Discharges and Shellfish

Laboratory experiments have shown barium uptake, from WBM-contaminated sediments and foods, by both flounder and lobster juveniles but there does not seem to be any evidence for its biomagnification up the food chain. In the experimental setting, the contaminants suppressed growth of both species and enhanced lobster mortality but this was with concentrations of 9 g barium per kilogram of sediment and a 98 or 99-day …

Certainly, its finer grain size should ensure that it is at least as mobile as the barite and probably more so. Recent research has shown that scallops are peculiarly susceptible to barite and bentonite, prolonged exposure to even concentrations as low as 10 mgl-1 (less than 10 ppm) being fatal, while levels as low as 2 mgl-1 can affect scallop growth.

“As mush as 90% of the discharged solids settle directly to the bottom. (Brandsma 1980). The remaining 10% including clay-sized particles and soluble materials is diluted by the current and dispersed over large areas8. ” Furthermore “during the entire [one well] scenario a total of 468 MT of drilling mud and 2569 MT of cuttings are released to the marine environment.

Now that it has been shown that drilling eight wells spread detectable levels of barite over much of Georges Bank, the COPAN drilling near Sable Island spread flocculant material some kilometers from the source, Norwegian oil production has affected benthic communities over some 100 sq km around major platforms and that background sediment hydrocarbon levels seem to be rising in the United Kingdom sector of the North Sea, the relevance of such impacts can no longer be ignored.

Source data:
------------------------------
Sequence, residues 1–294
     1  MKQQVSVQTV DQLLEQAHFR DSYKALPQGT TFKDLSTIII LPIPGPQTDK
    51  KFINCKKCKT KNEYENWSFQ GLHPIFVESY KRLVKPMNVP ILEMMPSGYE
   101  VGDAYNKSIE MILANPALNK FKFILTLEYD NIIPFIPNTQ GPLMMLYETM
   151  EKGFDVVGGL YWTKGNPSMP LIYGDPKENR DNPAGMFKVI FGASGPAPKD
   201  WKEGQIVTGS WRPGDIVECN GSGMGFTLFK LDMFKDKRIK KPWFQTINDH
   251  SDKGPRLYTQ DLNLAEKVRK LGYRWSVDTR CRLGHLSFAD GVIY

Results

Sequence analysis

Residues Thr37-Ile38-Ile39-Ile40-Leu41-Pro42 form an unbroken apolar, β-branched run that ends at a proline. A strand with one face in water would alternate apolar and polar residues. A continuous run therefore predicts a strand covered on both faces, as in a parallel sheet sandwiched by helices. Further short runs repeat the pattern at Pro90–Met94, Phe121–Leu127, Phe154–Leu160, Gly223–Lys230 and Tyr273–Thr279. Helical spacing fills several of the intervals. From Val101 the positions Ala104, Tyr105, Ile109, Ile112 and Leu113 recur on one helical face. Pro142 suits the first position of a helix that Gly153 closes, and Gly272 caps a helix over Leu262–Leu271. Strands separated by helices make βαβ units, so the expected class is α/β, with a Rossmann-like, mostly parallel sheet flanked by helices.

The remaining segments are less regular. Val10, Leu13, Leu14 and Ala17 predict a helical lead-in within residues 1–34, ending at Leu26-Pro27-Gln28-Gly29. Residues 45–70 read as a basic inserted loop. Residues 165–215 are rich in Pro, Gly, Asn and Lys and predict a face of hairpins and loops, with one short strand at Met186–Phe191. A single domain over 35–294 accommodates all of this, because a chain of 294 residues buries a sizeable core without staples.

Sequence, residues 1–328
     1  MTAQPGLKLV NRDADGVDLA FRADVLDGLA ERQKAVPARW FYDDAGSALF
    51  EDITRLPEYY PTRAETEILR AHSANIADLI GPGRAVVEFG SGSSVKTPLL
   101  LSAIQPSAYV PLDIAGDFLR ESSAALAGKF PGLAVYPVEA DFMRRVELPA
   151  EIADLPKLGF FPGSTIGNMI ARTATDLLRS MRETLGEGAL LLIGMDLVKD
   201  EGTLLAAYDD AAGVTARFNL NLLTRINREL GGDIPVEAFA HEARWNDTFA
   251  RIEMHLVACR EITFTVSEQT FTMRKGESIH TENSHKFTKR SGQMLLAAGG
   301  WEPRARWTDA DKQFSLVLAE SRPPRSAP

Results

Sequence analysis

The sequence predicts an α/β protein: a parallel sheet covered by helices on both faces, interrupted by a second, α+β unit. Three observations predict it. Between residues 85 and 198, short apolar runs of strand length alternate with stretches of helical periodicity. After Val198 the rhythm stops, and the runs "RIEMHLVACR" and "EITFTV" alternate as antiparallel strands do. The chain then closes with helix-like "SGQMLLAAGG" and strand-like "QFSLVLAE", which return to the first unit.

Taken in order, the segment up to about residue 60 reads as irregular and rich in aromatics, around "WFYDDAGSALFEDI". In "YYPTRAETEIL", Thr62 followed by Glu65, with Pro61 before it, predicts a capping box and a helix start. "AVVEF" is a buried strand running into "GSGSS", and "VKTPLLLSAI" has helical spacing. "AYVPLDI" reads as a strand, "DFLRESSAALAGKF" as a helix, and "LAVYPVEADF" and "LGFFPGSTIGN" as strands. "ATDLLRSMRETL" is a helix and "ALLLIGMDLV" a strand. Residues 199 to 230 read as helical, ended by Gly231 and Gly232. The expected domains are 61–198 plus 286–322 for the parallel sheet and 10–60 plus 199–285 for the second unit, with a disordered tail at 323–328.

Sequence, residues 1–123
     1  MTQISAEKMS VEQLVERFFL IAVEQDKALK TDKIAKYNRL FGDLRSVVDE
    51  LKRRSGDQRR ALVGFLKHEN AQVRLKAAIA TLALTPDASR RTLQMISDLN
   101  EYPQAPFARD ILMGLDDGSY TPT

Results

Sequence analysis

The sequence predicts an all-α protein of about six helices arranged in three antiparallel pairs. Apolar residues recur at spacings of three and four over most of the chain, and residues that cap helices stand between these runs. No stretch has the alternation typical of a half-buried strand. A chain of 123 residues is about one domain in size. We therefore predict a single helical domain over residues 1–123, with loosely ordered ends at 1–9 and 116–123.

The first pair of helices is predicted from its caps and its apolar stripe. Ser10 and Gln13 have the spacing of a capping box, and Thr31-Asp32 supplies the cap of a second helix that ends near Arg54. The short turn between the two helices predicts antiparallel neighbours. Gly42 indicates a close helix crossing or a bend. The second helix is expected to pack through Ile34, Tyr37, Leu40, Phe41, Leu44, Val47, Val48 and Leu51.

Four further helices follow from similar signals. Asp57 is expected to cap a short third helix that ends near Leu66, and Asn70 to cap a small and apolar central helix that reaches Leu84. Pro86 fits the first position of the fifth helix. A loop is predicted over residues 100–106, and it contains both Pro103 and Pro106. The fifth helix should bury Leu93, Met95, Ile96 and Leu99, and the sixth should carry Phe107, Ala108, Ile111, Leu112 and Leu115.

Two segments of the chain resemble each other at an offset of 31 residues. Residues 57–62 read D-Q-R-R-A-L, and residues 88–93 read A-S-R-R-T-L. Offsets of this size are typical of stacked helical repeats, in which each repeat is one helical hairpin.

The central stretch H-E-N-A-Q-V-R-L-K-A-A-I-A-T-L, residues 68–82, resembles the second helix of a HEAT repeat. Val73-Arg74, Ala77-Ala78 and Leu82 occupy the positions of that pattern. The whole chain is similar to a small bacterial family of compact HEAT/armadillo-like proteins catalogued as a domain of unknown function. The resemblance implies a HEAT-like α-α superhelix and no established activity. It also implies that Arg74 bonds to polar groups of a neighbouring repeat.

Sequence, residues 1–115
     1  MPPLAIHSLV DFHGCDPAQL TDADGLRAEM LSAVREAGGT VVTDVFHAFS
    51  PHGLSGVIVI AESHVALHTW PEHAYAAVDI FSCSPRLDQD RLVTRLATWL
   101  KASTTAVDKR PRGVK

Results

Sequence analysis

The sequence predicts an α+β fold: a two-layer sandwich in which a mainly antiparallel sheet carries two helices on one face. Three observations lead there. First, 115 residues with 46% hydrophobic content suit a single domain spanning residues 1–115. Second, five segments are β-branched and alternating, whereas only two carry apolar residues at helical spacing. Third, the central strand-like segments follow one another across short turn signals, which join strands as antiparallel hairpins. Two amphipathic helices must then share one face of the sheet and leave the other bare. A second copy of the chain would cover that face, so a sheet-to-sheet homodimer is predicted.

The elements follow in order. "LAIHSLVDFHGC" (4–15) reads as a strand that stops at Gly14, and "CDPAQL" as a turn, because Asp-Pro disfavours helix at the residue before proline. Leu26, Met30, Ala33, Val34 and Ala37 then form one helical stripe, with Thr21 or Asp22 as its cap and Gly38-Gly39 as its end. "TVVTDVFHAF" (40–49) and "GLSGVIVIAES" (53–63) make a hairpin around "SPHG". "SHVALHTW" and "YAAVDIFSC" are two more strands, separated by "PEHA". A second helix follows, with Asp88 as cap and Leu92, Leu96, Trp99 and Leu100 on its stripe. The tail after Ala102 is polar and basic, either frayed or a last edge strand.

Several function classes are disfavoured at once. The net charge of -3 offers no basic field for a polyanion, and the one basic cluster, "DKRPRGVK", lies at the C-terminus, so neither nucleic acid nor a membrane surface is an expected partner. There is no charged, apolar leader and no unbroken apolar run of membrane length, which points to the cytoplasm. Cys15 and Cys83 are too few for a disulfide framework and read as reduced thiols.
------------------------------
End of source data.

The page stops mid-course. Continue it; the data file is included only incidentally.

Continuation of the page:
Shallow Gas Blowouts

One of the greatest risks to the environment during the exploration phase is a shallow gas blowout. This is particularly true if the flow is associated with a condensate discharge which frequently occurs. […] Once flow has started, it is almost inevitable that a blowout will occur.

“Cratering occurs when flow outside the casing displaces large volumes of surface sediment. The eruptive force of blowouts can be dramatic and has been documented as lifting large boulders weighing several hundred pounds into the air and dropping them as much as 150 ft from the well site.

“Records show that if a shallow gas blowout does not bridge within the first one to two days, then the well will probably continue to blow for an extended period of time, i.e., weeks or months. Some have continued for years.”

Adams includes a chart condensed from a database of 950 shallow gas blowouts. Of the 56 rigs listed more than half suffered extensive damage or the total loss of the rig.

The truth is that the biological impacts of gas and condensate spills have been poorly studied until recently. Even the Uniacke gas blowout which released condensate in 1984 was not evaluated for biological impacts. Gas blowouts such as occurred in India in 1999 are poorly reported and not studied in detail. It is ludicrous for the industry to argue that gas wells have little impact on the ecosystem when they have not looked carefully at the marine organisms effected and no long-term studies on productivity or reproductive success following exposure are known to exist.

Related Links:

List of references cited for Sense and Nonsense:The Environmental Impacts of Exploration on Marine Organisms Offshore Cape Breton, by David Lincoln, is available at the URL: http://www.sierraclub.ca/national/oil-and-gas-exploration/sense-and-nonsense.pdf